Little correlation exists between the severity and frequency of biliary colic and pathologic changes in the gallbladder. Biliary colic can occur in the absence of cholecystitis. If colic lasts > 12 h, particularly if it is accompanied by vomiting or fever, acute cholecystitis or pancreatitis is likely.
Gallstones are suspected in patients with biliary colic. Abdominal ultrasonography is the method of choice for detecting gallbladder stones; sensitivity and specificity are 95%. Ultrasonography also accurately detects sludge. CT, MRI (see page Other Laboratory Tests : MRI), and oral cholecystography (rarely available now, although quite accurate) are alternatives. Endoscopic ultrasonography accurately detects small gallstones (< 3 mm) and may be needed if other tests are equivocal.
Laboratory tests usually are not helpful; typically, results are normal unless complications develop.
Asymptomatic gallstones and biliary sludge are often detected incidentally when imaging, usually ultrasonography, is done for other reasons. About 10 to 15% of gallstones are calcified and visible on plain x-rays.
Patients with asymptomatic gallstones become symptomatic at a rate of about 2%/yr. The symptom that develops most commonly is biliary colic rather than a major biliary complication. Once biliary symptoms begin, they are likely to recur; pain returns in 20 to 40% of patients/yr, and about 1 to 2% of patients/yr develop complications such as cholecystitis, choledocholithiasis, cholangitis, and gallstone pancreatitis.
Most asymptomatic patients decide that the discomfort, expense, and risk of elective surgery are not worth removing an organ that may never cause clinical illness. However, if symptoms occur, gallbladder removal (cholecystectomy) is indicated because pain is likely to recur and serious complications can develop.
Surgery can be done with an open or a laparoscopic technique.
Open cholecystectomy, which involves a large abdominal incision and direct exploration, is safe and effective. Its overall mortality rate is about 0.1% when done electively during a period free of complications.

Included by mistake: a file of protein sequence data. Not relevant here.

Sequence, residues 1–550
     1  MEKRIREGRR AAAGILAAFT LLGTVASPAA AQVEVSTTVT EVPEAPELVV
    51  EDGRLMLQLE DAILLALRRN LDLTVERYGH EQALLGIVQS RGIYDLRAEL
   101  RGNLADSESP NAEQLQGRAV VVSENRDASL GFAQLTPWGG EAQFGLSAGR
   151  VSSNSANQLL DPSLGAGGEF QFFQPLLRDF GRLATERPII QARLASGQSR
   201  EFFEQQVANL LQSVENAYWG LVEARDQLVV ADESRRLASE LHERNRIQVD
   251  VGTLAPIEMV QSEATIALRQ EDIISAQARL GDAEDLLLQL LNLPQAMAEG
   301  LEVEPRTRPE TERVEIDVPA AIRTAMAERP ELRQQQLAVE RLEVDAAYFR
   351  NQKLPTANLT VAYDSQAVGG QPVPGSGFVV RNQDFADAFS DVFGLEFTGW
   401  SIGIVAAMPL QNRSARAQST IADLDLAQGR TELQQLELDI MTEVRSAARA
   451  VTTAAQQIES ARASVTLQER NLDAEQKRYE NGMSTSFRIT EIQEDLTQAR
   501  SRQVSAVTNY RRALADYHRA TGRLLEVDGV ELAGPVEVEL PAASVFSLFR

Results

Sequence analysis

Laparoscopic cholecystectomy is the treatment of choice. Using video endoscopy and instrumentation through small abdominal incisions, the procedure is less invasive than open cholecystectomy. The result is a much shorter convalescence, decreased postoperative discomfort, improved cosmetic results, yet no increase in morbidity or mortality. Laparoscopic cholecystectomy is converted to an open procedure in 2 to 5% of patients, usually because biliary anatomy cannot be identified or a complication cannot be managed. Older age typically increases the risks of any type of surgery.
Cholecystectomy effectively prevents future biliary colic but is less effective for preventing atypical symptoms such as dyspepsia. Cholecystectomy does not result in nutritional problems or a need for dietary limitations. Some patients develop diarrhea, often because bile salt malabsorption in the ileum is unmasked. Prophylactic cholecystectomy is warranted in asymptomatic patients with cholelithiasis only if they have large gallstones (> 3 cm) or a calcified gallbladder (porcelain gallbladder); these conditions increase the risk of gallbladder carcinoma.
For patients who decline surgery or who are at high surgical risk (eg, because of concomitant medical disorders or advanced age), gallbladder stones can sometimes be dissolved by ingesting bile acids orally for many months. The best candidates for this treatment are those with small, radiolucent stones (more likely to be composed of cholesterol) in a functioning nonobstructed gallbladder (indicated by normal filling detected during cholescintigraphy or oral cholecystography or by absence of stones in the neck).
Ursodeoxycholic acid 4 to 5 mg/kg po bid or 3 mg/kg po tid (8 to 10 mg/kg/day) dissolves 80% of tiny stones < 0.5 cm in diameter within 6 mo. For larger stones (the majority), the success rate is much lower, even with higher doses of ursodeoxycholic acid. Further, after successful dissolution, stones recur in 50% within 5 yr. Most patients are thus not candidates and prefer laparoscopic cholecystectomy. However, ursodeoxycholic acid 300 mg po bid can help prevent stone formation in morbidly obese patients who are losing weight rapidly after bariatric surgery or while on a very low calorie diet.
Stone fragmentation (extracorporeal shock wave lithotripsy) to assist stone dissolution and clearance is now unavailable.
In developed countries, about 10% of adults and 20% of people > 65 yr have gallstones, but 80% are asymptomatic.
Abdominal ultrasonography is 95% sensitive and specific for detecting gallbladder stones.
Once symptoms develop (usually biliary colic), pain returns in 20 to 40% of patients/yr.
Treat most patients who have symptomatic gallstones with laparoscopic cholecystectomy.